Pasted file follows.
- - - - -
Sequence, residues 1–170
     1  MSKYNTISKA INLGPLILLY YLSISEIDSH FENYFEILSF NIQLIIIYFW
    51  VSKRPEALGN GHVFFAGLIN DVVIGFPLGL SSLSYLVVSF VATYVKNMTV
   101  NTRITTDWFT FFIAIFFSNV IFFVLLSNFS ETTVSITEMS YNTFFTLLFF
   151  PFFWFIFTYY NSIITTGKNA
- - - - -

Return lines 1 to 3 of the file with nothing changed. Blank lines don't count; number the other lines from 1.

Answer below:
Sequence, residues 1–170
     1  MSKYNTISKA INLGPLILLY YLSISEIDSH FENYFEILSF NIQLIIIYFW
    51  VSKRPEALGN GHVFFAGLIN DVVIGFPLGL SSLSYLVVSF VATYVKNMTV